Lexical Priming: A New Theory of Words and Language

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Routledge, Oct 12, 2012 - Foreign Language Study - 240 pages
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Lexical Priming proposes a radical new theory of the lexicon, which amounts to a completely new theory of language based on how words are used in the real world. Here they are not confined to the definitions given to them in dictionaries but instead interact with other words in common patterns of use.

Using concrete statistical evidence from a corpus of newspaper English, but also referring to travel writing and literary text, the author argues that words are 'primed' for use through our experience with them, so that everything we know about a word is a product of our encounters with it. This knowledge explains how speakers of a language succeed in being fluent, creative and natural.

 

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An original, thorough, and unique approach to language. Hoey builds a case for the need to link priming (as the title suggests) with wider, less grammar-based, more lexical-based thinking about ... Read full review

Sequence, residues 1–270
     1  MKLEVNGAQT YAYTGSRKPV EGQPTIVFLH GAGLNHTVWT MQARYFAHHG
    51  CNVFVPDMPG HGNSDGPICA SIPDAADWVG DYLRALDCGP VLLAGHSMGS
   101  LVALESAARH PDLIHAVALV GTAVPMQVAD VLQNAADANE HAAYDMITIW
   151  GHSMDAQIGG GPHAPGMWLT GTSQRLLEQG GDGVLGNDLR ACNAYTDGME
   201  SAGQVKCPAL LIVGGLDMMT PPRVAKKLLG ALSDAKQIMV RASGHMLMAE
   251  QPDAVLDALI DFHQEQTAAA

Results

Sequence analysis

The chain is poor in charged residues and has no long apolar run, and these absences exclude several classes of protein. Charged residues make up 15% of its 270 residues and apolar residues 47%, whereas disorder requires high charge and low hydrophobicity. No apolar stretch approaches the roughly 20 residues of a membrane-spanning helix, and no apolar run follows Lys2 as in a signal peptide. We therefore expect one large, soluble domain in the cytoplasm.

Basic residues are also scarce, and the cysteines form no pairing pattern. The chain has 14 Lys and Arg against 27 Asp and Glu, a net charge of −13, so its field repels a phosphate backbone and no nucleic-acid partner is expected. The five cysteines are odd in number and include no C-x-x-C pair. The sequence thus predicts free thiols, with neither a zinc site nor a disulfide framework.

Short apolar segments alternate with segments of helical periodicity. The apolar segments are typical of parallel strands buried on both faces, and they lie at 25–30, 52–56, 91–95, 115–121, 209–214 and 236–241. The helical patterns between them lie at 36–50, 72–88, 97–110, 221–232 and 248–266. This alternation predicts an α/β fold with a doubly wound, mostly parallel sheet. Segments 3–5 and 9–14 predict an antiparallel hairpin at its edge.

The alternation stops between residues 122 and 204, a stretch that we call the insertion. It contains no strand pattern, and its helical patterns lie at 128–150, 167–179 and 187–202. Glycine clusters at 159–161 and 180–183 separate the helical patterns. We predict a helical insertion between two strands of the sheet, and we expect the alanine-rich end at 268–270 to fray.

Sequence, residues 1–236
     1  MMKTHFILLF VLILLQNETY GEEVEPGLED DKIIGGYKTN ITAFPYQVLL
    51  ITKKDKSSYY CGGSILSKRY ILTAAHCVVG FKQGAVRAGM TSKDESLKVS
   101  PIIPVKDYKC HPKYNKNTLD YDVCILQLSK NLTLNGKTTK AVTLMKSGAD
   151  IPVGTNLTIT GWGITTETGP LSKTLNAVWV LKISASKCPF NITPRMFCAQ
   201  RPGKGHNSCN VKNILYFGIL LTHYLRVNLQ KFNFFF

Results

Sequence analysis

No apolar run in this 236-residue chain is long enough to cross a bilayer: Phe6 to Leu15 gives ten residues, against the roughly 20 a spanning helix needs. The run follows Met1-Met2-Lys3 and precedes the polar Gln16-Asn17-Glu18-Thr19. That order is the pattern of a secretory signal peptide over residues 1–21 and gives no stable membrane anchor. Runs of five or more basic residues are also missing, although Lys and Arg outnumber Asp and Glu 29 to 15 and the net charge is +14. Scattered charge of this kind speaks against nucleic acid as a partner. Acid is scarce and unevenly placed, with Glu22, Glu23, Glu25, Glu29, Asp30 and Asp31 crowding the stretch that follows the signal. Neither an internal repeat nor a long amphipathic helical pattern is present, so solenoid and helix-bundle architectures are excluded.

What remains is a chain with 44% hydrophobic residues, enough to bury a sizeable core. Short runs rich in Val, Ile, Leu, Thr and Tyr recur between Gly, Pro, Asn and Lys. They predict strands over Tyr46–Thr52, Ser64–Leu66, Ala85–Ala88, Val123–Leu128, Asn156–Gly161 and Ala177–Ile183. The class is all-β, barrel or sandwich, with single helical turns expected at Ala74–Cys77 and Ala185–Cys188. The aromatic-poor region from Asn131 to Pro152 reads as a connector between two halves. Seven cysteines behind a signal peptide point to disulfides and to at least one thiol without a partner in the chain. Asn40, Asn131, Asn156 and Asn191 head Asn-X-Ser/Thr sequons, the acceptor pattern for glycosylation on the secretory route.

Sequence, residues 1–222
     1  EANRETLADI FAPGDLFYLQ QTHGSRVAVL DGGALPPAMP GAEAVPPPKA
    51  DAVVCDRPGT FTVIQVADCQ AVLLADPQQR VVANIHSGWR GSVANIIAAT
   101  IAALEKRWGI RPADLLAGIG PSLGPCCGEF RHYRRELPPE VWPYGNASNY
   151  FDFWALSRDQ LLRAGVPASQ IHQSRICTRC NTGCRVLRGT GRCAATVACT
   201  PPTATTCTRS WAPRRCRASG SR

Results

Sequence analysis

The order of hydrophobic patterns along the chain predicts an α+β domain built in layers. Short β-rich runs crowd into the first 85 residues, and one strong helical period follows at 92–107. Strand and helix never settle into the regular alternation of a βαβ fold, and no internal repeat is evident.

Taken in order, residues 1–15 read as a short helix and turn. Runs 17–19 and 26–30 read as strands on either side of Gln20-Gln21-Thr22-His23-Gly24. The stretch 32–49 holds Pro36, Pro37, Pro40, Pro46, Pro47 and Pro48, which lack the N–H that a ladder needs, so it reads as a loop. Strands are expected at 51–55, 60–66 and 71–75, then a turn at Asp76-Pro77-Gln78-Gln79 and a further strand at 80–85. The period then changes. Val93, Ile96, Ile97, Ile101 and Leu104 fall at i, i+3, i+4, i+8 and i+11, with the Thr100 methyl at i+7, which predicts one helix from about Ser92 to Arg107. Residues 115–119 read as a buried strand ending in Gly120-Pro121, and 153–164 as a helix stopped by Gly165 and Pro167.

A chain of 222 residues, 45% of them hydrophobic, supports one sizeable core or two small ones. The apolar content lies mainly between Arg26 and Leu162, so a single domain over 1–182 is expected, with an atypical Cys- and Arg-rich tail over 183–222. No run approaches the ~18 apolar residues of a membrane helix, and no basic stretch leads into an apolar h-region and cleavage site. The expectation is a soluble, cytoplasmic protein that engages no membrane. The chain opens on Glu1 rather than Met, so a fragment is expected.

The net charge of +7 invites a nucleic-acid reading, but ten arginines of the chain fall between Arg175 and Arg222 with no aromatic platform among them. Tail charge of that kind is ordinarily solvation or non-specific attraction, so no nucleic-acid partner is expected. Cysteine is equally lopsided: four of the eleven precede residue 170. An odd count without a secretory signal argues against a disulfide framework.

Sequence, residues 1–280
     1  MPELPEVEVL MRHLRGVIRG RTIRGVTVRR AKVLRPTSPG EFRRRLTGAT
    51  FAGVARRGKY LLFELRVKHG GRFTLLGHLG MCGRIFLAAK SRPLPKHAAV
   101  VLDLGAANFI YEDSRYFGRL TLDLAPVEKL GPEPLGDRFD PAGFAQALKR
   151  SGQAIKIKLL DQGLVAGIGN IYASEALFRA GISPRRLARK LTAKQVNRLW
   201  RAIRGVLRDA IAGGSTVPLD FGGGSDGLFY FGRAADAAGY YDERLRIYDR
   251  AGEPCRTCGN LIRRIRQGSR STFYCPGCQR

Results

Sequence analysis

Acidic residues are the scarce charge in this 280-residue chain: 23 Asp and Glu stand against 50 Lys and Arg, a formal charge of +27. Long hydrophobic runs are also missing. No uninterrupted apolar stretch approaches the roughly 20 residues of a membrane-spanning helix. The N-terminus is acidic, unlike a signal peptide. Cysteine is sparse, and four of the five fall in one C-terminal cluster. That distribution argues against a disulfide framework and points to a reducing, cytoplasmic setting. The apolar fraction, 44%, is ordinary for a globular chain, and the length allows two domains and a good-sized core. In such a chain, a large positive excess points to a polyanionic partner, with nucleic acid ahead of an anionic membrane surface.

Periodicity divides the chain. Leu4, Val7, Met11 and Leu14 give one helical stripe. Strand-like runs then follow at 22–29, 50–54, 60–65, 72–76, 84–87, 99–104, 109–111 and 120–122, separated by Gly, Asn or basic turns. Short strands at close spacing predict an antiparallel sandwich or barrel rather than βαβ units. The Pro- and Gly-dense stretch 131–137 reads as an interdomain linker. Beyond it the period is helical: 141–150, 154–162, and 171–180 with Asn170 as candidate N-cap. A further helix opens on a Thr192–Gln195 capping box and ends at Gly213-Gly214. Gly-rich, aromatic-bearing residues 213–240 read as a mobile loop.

Contents

List of tables and figures Important note
Acknowledgements
Collocation and lexical priming
Lexical priming and meaning
Lexical priming and grammar
Lexical primingandlexicalrelations 5 Lexical priming and polysemy
two claims
athird claim 8 Lexical primingand grammatical creativity 9 Lexical priming andotherkinds of creativity 10 Some theoretical and practical issues
Bibliography
Index
Copyright

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About the author (2012)

Michael Hoey is a leading figure in English Language and Applied linguistics and a highly respected researcher and author. His Patterns of Lexis of Text (OUP) won the Duke of Edinburgh English Speaking Union prize in 1991. He is currently Baines Professor of English Language at the University of Liverpool.

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